• ToolGuy CXXVIII comments?!?
  • ToolGuy I did truck things with my truck this past week, twenty-odd miles from home (farther than usual). Recall that the interior bed space of my (modified) truck is 98" x 74". On the ride home yesterday the bed carried a 20 foot extension ladder (10 feet long, flagged 14 inches past the rear bumper), two other ladders, a smallish air compressor, a largish shop vac, three large bins, some materials, some scrap, and a slew of tool cases/bags. It was pretty full, is what I'm saying.The range of the Cybertruck would have been just fine. Nothing I carried had any substantial weight to it, in truck terms. The frunk would have been extremely useful (lock the tool cases there, out of the way of the Bed Stuff, away from prying eyes and grasping fingers -- you say I can charge my cordless tools there? bonus). Stainless steel plus no paint is a plus.Apparently the Cybertruck bed will be 78" long (but over 96" with the tailgate folded down) and 60-65" wide. And then Tesla promises "100 cubic feet of exterior, lockable storage — including the under-bed, frunk and sail pillars." Underbed storage requires the bed to be clear of other stuff, but bottom line everything would have fit, especially when we consider the second row of seats (tools and some materials out of the weather).Some days I was hauling mostly air on one leg of the trip. There were several store runs involved, some for 8-foot stock. One day I bummed a ride in a Roush Mustang. Three separate times other drivers tried to run into my truck (stainless steel panels, yes please). The fuel savings would be large enough for me to notice and to care.TL;DR: This truck would work for me, as a truck. Sample size = 1.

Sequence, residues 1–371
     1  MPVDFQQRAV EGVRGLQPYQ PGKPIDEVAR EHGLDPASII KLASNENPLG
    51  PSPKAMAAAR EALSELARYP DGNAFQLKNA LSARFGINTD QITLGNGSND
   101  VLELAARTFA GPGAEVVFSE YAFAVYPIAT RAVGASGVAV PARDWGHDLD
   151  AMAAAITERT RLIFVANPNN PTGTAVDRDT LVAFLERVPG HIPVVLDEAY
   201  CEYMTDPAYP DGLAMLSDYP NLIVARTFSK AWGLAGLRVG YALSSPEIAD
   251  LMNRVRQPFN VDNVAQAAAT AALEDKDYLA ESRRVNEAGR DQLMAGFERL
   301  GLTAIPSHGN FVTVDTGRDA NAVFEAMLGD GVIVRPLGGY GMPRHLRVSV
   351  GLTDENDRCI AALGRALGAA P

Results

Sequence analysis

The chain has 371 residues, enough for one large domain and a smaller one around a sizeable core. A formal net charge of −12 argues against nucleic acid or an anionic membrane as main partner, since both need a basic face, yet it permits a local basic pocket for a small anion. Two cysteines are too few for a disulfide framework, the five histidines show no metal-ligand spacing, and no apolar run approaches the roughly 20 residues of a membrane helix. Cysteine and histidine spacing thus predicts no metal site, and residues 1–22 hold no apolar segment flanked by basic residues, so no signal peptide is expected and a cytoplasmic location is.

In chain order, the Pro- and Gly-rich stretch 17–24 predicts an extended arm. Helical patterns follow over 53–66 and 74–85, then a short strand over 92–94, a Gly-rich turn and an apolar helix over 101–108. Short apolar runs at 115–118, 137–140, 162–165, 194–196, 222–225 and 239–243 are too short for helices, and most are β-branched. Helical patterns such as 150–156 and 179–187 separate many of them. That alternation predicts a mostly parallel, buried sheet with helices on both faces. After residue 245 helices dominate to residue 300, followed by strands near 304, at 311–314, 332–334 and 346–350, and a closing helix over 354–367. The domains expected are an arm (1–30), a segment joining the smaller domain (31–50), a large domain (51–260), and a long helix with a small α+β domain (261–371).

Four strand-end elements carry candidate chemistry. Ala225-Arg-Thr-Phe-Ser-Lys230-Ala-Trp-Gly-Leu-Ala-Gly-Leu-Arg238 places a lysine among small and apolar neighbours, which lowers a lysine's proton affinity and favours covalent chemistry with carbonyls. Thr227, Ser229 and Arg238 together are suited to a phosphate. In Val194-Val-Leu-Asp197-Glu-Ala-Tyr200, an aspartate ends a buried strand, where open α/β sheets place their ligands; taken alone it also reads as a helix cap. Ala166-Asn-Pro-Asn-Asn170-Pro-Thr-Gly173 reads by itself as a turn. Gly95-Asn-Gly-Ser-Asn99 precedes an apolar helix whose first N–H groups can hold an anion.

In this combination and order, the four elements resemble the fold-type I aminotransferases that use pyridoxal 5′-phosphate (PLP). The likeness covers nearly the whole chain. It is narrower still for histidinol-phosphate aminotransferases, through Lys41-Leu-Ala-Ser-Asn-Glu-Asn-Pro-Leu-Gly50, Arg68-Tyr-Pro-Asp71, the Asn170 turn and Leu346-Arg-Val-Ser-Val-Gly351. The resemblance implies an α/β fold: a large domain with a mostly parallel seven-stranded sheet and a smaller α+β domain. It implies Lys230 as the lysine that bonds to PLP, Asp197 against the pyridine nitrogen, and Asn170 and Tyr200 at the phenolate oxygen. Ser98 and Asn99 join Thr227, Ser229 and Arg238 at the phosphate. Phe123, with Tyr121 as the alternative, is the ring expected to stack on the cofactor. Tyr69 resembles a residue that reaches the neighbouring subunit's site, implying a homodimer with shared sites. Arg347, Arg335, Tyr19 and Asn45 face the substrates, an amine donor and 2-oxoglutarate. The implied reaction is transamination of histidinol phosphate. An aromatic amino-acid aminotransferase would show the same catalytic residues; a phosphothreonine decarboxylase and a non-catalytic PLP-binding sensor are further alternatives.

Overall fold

• Art Vandelay Dodge should bring this back. They could sell it as the classic classic classic model
  • Surferjoe Still have a 2013 RDX, naturally aspirated V6, just can't get behind a 4 banger turbo.Also gloriously absent, ESS, lane departure warnings, etc.
  • ToolGuy Is it a genuine Top Hand? Oh, I forgot, I don't care. 🙂